The summer came and went and as the fall breeze arrived we found out we were expecting. Everything went as planned that pregnancy and we welcomed our first beautiful son the following summer. Life was beautiful. Our son’s first year of life flew by faster than the seasons seemed to change and before we knew it he was a walking, talking toddler.
The fall came and the winter followed. It was a regular morning for me. I changed the baby. Put him in his high chair and made the coffee. You came home from a doctor appointment and sat at the kitchen table staring at the wall. “Do you want some coffee?” I asked.  “No thanks. I need open heart surgery.” you replied.  I could feel the shift again. The winter was here to stay. I stood in our kitchen hoping that you were joking, but knowing that you were not.  I looked at our son. I looked at you.  “When?”  “Thursday.” you replied. It was Monday. It was an aortic aneurysm. We didn’t plan for this. How could we have planned for this?
We made it through that surgery and that winter. The seasons changed again and life was happy. We welcomed another beautiful boy a couple of years later. A couple years into his life we found out he too has an aortic aneurysm and while we were both scared we decided to tackle it the only way we know how, head on. He is our brave little bull and somehow when we least expect it, it’s our kids who teach us how to be brave.

 Our lives have been full of seasons filled with memories. Summers of swimming, running in the yard, giggling under the stars, and making S’mores. Winters have been filled with holiday traditions, skiing, sledding and ice skating (or really just ice falling.) Our Falls have been filled with apple picking, hiking, fishing, and football watching.  Springs have been filled with bike riding, star gazing, movie watching, and flower picking.

Looking back I realize now that the dress meant nothing. The flowers meant nothing. The place meant nothing. Marriage is not built on these things. Marriage is built on all the things that come after the wedding. It is built on the ups and the downs. It is built on the past and the present. It is built on the good and the bad. It is built on the changes that come just like the seasons. You have held my hand during the birth of two beautiful boys. You have made me laugh when I needed it the most. You have loved me at my worst. You have made me feel my best. We have fought the fight. We have been met with surprises and dealt with them together.  

When I think about how to answer our son the obvious answer is no, he would not be here if you and I had not met. It’s so much more than that though.  I can’t help but feel thankful for you on Mother’s Day. A thousand Mother’s Days could come and go but you have already given me the best and only gift I will ever need. You made me a mother.  You give me laughter for the rough days and support for all the days in between.  We did not just make a house together, we created a home.  As I walk with our oldest son and the sun warms my face and the breeze blows the warm spring air I can feel that summer is upon us. I am reminded that both our boys will turn another year older this season. I am reminded of just how lucky we are. Life might not always go as planned but it certainly seems like the change of the seasons has always brought us life. It might not always be the life I planned for but it is definitely the life I always wanted. Thank you for making me a mother. 

What I'm listening to:

Wednesday, May 6, 2015

It Was You

It was you.

It was you who held my hand when I said “I don’t know if I’m ready for this.”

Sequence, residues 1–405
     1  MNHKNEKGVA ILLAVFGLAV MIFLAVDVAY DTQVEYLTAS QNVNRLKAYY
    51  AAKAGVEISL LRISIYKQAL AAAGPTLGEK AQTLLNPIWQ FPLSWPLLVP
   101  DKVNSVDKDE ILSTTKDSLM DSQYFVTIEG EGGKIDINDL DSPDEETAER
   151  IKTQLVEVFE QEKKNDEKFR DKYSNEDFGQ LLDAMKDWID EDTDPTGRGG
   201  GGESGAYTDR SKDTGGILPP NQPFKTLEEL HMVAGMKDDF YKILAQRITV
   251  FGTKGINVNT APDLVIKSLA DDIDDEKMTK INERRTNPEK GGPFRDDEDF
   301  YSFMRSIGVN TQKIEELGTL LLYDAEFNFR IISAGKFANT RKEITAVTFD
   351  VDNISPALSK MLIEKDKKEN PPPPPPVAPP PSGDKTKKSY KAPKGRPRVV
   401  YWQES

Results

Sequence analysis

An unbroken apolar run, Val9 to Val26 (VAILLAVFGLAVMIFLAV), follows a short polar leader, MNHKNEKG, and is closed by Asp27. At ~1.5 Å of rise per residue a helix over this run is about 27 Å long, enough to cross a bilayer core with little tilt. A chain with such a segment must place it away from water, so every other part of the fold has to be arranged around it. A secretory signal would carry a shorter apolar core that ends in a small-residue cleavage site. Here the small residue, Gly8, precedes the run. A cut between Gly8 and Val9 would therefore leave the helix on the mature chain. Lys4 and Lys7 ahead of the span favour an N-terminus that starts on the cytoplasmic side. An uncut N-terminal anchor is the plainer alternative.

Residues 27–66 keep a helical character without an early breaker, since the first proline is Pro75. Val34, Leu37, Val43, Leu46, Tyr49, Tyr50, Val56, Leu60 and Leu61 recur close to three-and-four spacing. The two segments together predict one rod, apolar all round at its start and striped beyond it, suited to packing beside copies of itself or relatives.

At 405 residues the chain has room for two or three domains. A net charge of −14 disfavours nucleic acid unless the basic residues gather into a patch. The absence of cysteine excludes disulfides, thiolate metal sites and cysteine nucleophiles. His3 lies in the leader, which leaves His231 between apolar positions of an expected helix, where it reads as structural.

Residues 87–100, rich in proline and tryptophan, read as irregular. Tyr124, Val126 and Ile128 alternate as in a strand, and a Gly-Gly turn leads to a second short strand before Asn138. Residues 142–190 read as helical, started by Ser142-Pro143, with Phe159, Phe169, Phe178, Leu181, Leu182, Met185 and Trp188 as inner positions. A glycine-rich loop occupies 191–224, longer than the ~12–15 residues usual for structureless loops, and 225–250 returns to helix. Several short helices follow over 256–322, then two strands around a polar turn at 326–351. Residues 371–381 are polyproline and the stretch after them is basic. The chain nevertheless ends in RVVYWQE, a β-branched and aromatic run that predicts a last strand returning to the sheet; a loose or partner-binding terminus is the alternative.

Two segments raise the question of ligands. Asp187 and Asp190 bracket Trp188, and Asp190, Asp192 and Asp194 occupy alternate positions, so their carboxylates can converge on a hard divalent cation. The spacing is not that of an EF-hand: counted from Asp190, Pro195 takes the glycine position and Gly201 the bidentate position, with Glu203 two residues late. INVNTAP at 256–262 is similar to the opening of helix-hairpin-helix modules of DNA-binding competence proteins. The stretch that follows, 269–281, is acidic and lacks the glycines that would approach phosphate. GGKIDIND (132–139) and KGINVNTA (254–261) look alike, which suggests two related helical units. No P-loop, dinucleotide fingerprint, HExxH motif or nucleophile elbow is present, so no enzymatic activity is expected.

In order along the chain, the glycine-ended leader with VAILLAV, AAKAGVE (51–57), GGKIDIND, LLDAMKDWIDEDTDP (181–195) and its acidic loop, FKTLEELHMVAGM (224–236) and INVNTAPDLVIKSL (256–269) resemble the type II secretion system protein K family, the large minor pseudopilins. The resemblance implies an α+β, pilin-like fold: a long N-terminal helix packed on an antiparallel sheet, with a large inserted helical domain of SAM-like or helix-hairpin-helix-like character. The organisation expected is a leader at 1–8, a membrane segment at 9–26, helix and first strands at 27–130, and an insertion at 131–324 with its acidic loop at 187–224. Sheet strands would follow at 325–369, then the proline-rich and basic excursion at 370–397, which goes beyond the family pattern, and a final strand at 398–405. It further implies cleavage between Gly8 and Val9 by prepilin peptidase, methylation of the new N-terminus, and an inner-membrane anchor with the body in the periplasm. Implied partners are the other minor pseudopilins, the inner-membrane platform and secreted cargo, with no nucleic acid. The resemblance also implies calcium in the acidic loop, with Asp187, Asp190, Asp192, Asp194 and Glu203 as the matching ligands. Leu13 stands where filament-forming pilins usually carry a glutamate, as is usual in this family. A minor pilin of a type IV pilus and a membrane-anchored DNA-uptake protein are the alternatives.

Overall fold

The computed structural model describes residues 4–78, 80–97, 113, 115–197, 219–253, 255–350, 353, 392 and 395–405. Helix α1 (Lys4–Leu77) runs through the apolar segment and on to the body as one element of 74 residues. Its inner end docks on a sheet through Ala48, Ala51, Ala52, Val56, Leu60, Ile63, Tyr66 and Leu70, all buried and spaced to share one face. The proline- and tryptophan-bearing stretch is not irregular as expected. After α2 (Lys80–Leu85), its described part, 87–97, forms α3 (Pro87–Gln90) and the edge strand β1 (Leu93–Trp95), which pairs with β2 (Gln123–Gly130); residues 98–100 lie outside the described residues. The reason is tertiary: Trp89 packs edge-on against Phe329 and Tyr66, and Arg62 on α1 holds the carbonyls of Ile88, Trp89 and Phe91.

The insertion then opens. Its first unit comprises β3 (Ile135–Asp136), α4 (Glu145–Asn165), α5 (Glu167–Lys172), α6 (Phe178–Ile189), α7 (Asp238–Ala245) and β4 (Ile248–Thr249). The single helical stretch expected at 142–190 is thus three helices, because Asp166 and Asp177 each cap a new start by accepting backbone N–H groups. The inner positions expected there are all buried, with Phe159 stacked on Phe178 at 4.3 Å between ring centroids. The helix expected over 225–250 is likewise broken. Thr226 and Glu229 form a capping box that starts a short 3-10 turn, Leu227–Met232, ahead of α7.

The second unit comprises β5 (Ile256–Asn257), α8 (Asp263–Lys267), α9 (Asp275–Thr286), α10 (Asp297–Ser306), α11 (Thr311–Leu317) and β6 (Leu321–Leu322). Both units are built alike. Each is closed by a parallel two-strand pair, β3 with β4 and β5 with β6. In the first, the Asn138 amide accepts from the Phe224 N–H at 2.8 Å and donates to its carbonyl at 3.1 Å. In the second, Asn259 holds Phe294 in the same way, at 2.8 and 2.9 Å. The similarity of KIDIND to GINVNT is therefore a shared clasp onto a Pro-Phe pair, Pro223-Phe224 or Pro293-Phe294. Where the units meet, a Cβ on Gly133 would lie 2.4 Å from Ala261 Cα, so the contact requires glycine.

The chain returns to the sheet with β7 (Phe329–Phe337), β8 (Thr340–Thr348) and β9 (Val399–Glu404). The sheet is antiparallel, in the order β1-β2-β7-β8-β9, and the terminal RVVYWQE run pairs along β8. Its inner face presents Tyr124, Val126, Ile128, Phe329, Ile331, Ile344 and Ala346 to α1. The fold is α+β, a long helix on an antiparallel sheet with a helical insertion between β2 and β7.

It was you who told me to push before the epidural ran out, and boy did I push.

It was you who stayed long after your shift had ended because you were just as excited as I was to find out whether we were welcoming a boy or a girl.

It was you who took the camera and captured our first moments without us even having to ask.

It was you who made my child laugh while the doctor checked to see if he needed stitches after a bad run in with a coffee table.

It was you who cried with me after the doctor told us that our son had an aneurysm.

It was you who brought me coffee while my husband was in open heart surgery.

It was you who let out a sigh of relief with me when the doctor came out to tell me the surgery went well.

It was you who answered the phone at 3 am like an old friend to comfort me and tell me that my husband was sleeping comfortably while I was home caring for our baby.

It was you who hugged me when the ultrasound showed that our baby had no heartbeat.

It was you who made me laugh when my water broke as I walked to the bathroom.

It was you who made me feel like I was capable of anything.

It was you who ran into the room to comfort my son during a CT scan when you looked at me and knew I was at a loss on how to do it.

It was you who jumped up and down shouting “It’s a boy! It’s a boy!” making me feel like you were part of our family even just for that brief moment.

It was you who brought me ice packs and chocolate chip cookies at 1 am when you knew I was not able to sleep.

It was you who helped me navigate the unknown waters of motherhood.

It was you who finally latched my son onto me as I cried worrying he was in fact going to starve.

It was you who spoon fed my grandmother.

It was you who stayed to pray with the family.

It was you who cared.

It was always you.

You are a nurse. You were our nurse. Every day you go to work you deal with the good and the bad and you do it in a way that only you can. You care. You love. You grieve. You don’t expect anything in return but today I want to thank you. Thank you for doing what you do because without you the hospitals would feel empty. The doctor offices would feel empty. The delivery room would feel empty. The waiting room would feel empty. You do more than you know and long after the doctors go home you are there. Long after the surgery is over you are there. You are there checking in on us and taking care of us. When we go home you are the one we remember. You see being a nurse is not just your profession it’s who you are and we love you for being exactly who you are. You may not realize it but we think about you long after we have returned home.